Is it time to sell easyJet plc, International Consolidated Airlns Grp SA & Flybe Group plc?

Peak cycle?

British Airways owner International Consolidated Airlines Group (LSE: IAG) was the first company to issue a profit warning after the EU referendum result was announced on Friday morning.

IAG said that “the vote to leave the European Union will not have a long-term material impact on its business”. However, the firm said that customer demand in the run up to the referendum was “weaker than expected”. The group now expects profit growth to be lower than expected this year.

Personally, I’m not sure the referendum is the cause of IAG’s problems. Even before the vote, IAG had announced plans to scale back capacity growth. I think it’s more likely that the airline growth cycle is peaking. Airlines are starting to worry about the future.

IAG shares now trade on a forecast P/E of just 5 for the current year. In my view, this is a clear warning that markets are expecting further bad news.

A safer bet?

IAG’s budget rival easyJet (LSE: EZJ) issued a statement on Friday, saying that the firm was “confident” that the referendum result would not affect its ability “to deliver long-term sustainable earnings growth and returns to shareholders”.

However, the short-term outlook appears to be less certain. On Monday morning, easyJet followed IAG’s example and issued a profit warning. The firm blamed industrial action in France, airport congestion at Gatwick and bad weather for having to cancel more flights than usual over the last two months.

Pre-tax profit for the third quarter has been reduced by £28m as a result. easyJet now expects “consumer uncertainty” during the remainder of the year to have a further impact on profits.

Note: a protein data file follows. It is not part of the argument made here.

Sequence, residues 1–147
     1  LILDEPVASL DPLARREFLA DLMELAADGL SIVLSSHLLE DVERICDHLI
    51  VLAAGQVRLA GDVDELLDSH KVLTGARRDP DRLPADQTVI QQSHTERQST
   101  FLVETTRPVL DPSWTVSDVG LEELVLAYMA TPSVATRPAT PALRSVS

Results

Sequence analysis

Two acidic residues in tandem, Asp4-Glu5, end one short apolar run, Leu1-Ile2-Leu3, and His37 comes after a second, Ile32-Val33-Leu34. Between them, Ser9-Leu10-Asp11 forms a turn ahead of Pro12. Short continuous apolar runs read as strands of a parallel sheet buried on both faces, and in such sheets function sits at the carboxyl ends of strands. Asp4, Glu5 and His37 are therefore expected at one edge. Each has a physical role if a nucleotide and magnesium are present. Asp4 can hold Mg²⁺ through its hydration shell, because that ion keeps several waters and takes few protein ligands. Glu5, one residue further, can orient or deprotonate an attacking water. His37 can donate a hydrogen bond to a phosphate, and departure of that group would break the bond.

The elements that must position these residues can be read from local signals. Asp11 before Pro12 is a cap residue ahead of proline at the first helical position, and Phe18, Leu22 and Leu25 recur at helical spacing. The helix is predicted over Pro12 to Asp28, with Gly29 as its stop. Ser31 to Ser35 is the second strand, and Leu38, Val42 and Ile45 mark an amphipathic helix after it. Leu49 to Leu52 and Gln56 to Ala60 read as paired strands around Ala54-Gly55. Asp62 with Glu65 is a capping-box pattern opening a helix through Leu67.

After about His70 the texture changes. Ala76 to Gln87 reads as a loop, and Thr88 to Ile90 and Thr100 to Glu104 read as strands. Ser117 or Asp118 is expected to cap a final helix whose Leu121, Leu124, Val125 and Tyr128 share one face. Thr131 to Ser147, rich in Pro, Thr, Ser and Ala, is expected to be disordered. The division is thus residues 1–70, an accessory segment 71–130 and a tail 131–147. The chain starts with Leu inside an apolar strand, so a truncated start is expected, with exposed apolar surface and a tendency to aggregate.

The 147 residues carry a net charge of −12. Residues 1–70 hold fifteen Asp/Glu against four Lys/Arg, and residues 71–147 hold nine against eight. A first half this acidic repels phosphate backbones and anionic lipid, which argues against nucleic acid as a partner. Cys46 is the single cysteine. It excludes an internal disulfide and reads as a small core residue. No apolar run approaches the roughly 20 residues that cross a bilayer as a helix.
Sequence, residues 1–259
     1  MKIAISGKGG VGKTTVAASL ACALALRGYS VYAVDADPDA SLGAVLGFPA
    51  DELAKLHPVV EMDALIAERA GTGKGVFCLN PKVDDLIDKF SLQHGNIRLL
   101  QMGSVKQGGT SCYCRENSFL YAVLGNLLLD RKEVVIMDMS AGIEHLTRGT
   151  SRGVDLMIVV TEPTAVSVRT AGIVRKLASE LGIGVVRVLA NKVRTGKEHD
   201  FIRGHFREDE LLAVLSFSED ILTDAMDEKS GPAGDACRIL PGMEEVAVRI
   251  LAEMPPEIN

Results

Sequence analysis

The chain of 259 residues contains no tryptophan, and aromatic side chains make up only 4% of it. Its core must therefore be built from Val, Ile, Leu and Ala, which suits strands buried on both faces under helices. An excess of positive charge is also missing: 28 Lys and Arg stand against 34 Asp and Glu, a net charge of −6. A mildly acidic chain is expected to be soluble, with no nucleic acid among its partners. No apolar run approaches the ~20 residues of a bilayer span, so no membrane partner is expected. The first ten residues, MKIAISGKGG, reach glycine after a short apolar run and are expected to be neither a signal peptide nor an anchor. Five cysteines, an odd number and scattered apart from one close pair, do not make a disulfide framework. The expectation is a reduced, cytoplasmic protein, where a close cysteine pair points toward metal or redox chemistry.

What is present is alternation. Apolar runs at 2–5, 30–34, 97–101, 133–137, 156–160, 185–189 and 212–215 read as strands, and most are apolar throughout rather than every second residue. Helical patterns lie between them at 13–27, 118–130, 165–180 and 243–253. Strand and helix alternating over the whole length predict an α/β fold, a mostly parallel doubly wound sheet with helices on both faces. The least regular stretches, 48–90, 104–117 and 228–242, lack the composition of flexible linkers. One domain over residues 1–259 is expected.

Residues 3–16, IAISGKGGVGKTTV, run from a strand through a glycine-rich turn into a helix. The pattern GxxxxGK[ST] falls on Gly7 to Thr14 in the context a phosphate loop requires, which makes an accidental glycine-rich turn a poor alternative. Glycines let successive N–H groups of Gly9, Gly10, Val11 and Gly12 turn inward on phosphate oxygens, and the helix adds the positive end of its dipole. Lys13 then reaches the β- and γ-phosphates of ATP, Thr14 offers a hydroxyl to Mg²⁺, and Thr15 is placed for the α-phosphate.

easyJet shares have lost a quarter of their value over the last week. The group’s debt levels are much lower than those of IAG, so easyJet’s forecast dividend yield of 6.3% could be worth a closer look.  But whilst easyJet looks cheap at nine times forecast earnings, if airline growth really is slowing, forecasts could have further to fall.

A special situation?

One possible exception to this outlook is Flybe Group (LSE: FLYB). This niche short-haul airline has been struggling to turn itself around for some time. The firm’s latest financial results suggest that success may be close.

Flybe returned to profit last year and is expected to deliver an 85% increase in adjusted earnings this year. This puts the shares on a forecast P/E of about 5. This could indicate the market is pricing in a downturn in the airline sector, but it may also show that Flybe just isn’t trusted to deliver. The group has had false dawns before.

One factor in Flybe’s favour is that it had net cash of £62.2m at the end of March. That’s about 28p per share.

Offsetting this is the risk that the airline will continue to consume cash. I’m particularly concerned by Flybe’s load factor — its flights were only 72.6% full, on average, last year. That compares poorly to larger competitors such as easyJet, which has a load factor of about 90%.

I suspect that wider market conditions will slow down profit growth this year. The shares may offer some upside, but a sector downturn could still cause problems for Flybe.

The best bet for growth?

If you're looking for mid-cap stocks with genuine growth potential, then you may need to look elsewhere.

Our expert analysts believe that this company could be one of the top performers on the UK stock market.

In fact, they think the value of this business could rise by 200% over the next few years.

You can find full details of the company in question in A Top Growth Share From The Motley Fool.

This exclusive new report is free and carries no obligation. To download your copy now, just click here.

Roland Head has no position in any shares mentioned. The Motley Fool UK has no position in any of the shares mentioned. We Fools don't all hold the same opinions, but we all believe that considering a diverse range of insights makes us better investors.